I don’t tend to write about major tourist attractions. You will never see Disneyworld or The Eiffel Tower featured here. Today, however, I’m making an exception. The biggest tourist magnet in Albuquerque is the Sandia Peak Tramway. It thrills about 250,000 passengers each year. Ruth and I had never been on it until the summer of 2016 when we were traveling with friends who used to live in Albuquerque. They wanted to ride to the top so we went along. As an attraction, it exceeded expectations; and I learned something about a friend that I didn’t know. There was a special reason why she wanted to soar 3,819 feet in the time it takes to have a quick shower.
We stayed at a Holiday Inn Express together and met Harris, the hotel’s Director of Sales. He graciously took the 4 of us aside and told us about several things to experience in his city. Thanks to Harris, we drove The Singing Road, ate at Pueblo Harvest, and learned about the University of New Mexico’s adobe style buildings. He didn’t mention Sandia Peak Tramway. Our friend didn’t mention her trepidation about it.
This is no simple tram. It’s a double reversible jigback aerial tramway installed by a company from Lucerne, Switzerland, for $2 million in 1966. The span between the 2nd tower and the top is 1 ½ miles, one of the longest in the world. The terrain at its base is desert-like Sonoran. At the top are fir, pine, and aspen trees. There are restaurants on both ends. This 3rd longest tramway in the world is such a complex system that it’s closed for maintenance for 10 days in November and April. Remarkably, there has never been an accident resulting from its operation. However, a plane crashed into this peak in 1955 and it has not been removed. Those who know where to look can still spot some of the wreckage.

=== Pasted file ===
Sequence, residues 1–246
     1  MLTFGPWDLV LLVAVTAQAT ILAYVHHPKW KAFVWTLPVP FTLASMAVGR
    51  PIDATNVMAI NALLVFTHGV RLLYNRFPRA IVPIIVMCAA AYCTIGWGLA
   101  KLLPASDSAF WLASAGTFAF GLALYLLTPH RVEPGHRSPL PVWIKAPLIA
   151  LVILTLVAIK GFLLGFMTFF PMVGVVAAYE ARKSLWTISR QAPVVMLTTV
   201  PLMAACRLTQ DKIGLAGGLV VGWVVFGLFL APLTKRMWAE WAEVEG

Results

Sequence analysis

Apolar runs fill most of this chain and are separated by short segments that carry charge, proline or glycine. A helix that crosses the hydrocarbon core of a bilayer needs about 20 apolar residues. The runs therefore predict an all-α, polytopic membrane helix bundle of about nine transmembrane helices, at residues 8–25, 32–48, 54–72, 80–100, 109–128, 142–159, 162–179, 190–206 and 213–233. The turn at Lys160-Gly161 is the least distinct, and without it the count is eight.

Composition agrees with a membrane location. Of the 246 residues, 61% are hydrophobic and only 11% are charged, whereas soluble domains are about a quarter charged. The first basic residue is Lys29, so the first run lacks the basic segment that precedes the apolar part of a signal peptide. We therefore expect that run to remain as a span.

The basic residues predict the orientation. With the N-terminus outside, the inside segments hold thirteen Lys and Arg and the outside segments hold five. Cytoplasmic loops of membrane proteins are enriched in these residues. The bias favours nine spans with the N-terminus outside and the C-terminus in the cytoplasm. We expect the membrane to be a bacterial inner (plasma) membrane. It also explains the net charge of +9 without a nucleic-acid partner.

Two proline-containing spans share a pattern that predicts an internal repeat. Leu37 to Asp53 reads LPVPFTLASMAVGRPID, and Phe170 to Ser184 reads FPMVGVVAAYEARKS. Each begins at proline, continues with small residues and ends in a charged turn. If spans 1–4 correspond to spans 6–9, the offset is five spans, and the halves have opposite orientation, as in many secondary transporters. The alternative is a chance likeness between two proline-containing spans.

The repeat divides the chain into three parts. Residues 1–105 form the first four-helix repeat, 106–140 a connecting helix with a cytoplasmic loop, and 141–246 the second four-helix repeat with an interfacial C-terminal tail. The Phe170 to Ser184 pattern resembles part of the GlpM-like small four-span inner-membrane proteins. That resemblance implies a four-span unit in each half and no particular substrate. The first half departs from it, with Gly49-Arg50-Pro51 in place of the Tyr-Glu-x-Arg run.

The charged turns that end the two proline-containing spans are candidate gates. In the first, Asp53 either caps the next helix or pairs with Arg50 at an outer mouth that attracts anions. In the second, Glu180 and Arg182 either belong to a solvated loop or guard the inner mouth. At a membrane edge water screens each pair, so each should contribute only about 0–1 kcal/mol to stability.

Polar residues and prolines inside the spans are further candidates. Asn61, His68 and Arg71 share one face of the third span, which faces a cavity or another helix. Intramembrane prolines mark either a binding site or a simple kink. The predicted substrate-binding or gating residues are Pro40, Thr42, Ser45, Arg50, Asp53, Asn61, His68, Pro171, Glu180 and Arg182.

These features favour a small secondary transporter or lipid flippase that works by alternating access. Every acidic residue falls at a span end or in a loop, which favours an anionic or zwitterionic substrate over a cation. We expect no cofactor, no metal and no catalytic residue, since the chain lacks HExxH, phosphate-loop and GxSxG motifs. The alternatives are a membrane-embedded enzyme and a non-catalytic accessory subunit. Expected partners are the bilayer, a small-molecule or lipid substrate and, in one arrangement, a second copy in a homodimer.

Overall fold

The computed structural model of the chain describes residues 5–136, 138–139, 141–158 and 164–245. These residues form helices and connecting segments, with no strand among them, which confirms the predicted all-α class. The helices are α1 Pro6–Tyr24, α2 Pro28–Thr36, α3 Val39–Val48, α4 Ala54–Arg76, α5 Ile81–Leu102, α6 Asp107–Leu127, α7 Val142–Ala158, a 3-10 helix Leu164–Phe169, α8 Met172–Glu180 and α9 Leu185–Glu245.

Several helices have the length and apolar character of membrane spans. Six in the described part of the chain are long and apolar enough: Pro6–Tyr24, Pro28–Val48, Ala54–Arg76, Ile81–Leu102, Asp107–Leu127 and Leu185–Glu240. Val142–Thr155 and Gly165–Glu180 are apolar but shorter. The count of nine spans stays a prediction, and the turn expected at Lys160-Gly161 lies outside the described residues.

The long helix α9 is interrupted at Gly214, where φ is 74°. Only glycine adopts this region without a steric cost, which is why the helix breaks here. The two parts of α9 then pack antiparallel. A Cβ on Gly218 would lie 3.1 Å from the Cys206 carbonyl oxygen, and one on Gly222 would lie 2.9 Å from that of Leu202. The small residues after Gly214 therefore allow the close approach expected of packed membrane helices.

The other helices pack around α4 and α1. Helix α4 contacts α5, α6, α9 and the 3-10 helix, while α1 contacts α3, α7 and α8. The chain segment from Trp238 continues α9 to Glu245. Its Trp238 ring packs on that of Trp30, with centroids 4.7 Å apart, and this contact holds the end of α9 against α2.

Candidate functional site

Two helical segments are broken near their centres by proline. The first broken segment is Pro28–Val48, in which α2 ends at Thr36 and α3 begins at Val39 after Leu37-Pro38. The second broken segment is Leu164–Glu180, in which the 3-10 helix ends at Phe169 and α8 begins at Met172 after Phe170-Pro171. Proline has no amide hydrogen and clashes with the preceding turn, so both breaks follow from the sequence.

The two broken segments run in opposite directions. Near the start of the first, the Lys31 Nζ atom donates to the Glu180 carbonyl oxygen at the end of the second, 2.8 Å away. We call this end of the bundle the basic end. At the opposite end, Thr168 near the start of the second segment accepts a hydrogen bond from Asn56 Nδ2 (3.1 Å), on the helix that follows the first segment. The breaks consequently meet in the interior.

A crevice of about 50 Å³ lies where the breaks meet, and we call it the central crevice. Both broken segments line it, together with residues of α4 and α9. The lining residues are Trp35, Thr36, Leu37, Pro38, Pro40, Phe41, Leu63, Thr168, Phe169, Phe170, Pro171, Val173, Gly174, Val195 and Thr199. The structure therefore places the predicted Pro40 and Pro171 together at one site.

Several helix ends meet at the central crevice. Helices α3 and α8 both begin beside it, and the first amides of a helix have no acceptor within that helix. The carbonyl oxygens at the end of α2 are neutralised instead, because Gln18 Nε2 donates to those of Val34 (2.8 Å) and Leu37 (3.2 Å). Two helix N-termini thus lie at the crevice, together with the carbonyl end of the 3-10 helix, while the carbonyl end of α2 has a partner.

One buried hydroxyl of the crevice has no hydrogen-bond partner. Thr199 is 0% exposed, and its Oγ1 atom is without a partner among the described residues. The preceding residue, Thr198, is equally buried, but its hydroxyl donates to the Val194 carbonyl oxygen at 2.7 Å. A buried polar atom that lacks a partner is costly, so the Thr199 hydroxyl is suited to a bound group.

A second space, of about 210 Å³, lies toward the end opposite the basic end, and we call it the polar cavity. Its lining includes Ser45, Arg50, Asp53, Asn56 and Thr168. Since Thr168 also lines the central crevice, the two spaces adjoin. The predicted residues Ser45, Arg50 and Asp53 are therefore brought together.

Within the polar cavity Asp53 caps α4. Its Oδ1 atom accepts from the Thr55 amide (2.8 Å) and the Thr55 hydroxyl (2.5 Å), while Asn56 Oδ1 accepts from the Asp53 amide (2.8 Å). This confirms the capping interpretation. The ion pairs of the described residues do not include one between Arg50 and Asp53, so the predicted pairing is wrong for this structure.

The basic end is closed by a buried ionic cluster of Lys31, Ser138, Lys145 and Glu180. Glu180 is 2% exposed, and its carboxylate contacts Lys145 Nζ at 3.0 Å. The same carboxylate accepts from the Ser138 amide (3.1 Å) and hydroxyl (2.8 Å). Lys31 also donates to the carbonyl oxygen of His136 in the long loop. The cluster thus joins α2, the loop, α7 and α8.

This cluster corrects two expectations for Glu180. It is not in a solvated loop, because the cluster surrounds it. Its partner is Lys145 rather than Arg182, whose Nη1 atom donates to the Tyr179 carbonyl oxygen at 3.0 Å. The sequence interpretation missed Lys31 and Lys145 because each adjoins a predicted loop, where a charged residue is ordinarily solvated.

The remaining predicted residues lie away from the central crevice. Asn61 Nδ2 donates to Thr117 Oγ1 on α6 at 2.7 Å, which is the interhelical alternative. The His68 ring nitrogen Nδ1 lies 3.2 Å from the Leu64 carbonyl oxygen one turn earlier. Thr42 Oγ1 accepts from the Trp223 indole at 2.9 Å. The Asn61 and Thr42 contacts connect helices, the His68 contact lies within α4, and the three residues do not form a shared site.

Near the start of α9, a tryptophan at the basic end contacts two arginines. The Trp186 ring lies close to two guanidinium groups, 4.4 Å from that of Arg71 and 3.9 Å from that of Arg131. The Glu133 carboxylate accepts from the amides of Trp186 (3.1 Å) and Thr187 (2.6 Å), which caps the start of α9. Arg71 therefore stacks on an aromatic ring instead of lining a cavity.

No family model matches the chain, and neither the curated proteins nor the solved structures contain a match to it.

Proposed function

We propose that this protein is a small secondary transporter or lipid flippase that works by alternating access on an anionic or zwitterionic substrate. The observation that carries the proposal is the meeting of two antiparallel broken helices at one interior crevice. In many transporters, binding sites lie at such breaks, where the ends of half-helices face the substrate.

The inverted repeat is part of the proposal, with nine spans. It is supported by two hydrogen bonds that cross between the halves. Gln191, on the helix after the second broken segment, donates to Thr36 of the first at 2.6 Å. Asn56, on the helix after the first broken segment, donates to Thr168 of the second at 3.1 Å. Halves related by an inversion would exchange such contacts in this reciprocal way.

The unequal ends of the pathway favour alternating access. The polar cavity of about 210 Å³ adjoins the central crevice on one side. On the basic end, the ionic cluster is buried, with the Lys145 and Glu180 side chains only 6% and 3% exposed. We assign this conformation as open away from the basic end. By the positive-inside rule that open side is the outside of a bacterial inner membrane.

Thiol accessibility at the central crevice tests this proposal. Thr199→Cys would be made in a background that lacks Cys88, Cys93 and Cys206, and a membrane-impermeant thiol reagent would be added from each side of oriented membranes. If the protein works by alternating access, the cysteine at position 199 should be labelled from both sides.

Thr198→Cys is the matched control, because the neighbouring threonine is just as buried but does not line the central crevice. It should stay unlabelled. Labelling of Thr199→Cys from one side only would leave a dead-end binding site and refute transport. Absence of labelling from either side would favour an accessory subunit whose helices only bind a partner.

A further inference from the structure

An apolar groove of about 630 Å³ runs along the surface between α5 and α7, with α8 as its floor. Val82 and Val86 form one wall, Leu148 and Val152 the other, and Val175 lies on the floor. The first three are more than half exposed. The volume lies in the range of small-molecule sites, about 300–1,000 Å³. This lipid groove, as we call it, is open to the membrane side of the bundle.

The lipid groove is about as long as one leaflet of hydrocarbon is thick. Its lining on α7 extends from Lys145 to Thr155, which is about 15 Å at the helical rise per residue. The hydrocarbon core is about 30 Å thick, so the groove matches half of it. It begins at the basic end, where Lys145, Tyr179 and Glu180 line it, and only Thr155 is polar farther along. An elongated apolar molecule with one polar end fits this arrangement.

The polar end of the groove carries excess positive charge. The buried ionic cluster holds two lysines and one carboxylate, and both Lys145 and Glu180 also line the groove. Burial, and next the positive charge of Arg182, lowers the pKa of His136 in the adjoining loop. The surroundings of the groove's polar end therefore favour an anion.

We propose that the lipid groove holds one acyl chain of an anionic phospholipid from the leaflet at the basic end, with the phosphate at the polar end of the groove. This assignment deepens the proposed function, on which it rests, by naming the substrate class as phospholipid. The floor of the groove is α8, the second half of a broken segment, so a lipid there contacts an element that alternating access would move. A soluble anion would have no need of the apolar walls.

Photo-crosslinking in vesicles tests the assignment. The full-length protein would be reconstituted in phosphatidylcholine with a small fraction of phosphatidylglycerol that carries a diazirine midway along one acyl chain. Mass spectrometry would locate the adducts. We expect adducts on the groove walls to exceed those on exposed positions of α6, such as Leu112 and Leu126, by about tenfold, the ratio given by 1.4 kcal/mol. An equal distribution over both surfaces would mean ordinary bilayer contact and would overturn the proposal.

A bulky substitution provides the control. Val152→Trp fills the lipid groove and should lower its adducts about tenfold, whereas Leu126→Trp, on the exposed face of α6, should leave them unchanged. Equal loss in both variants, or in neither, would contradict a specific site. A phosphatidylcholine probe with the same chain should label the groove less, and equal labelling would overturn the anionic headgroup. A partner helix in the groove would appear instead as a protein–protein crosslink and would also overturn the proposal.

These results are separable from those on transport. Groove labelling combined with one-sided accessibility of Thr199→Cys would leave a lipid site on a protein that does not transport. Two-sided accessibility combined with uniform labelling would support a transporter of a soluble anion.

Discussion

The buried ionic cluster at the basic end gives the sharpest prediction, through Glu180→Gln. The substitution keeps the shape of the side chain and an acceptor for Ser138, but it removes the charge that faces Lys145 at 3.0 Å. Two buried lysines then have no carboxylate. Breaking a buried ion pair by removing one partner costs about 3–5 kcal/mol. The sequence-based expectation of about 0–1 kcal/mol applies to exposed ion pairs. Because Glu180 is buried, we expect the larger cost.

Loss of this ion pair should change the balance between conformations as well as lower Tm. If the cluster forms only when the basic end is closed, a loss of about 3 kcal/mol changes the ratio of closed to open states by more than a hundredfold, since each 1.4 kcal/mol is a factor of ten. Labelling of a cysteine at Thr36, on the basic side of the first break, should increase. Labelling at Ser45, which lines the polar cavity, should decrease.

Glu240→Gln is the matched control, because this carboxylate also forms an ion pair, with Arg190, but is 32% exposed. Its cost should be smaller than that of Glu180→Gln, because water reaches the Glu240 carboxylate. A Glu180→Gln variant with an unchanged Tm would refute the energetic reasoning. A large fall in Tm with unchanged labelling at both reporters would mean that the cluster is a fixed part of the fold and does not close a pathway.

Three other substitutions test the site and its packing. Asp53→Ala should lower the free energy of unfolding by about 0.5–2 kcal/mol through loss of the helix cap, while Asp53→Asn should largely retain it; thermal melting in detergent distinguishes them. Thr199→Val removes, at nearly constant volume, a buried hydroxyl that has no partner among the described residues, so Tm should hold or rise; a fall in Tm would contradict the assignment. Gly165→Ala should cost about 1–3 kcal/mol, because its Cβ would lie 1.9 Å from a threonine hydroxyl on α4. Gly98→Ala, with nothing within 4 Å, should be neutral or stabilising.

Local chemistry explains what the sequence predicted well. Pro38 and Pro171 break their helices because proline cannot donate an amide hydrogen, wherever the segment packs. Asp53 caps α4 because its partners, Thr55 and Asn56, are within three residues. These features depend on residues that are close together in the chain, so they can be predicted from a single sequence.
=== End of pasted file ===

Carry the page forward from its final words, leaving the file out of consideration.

Sandia is the Spanish word for watermelon. This impressive peak unusually close to a major city is called Sandia because it takes on a pink glow at sunset. This mountain is considered one of the most significant upthrusts caused by magma in the Unites States. It’s the quartz, mica, and other minerals in it that causes it to glow like a ripe watermelon as the sun sets.
The Sandia Peak Tramway celebrated its 50th birthday in 2016. In the summer of each year this 2.7 mile ride provides access to a 10,378-foot peak and a 30-mile mountain bike trail system. In the winter it gives access to the 1st ski area in New Mexico with 1,700 vertical feet of skiing, 4 chairlifts, etc.
This tram takes 14 minutes to reach the summit, but if you fear heights that can seem like an eternity. And that’s exactly the way it was for our brave friend. This was her 3rd time aboard. On the first she was petrified. On the third she was mostly calm. That’s admirable.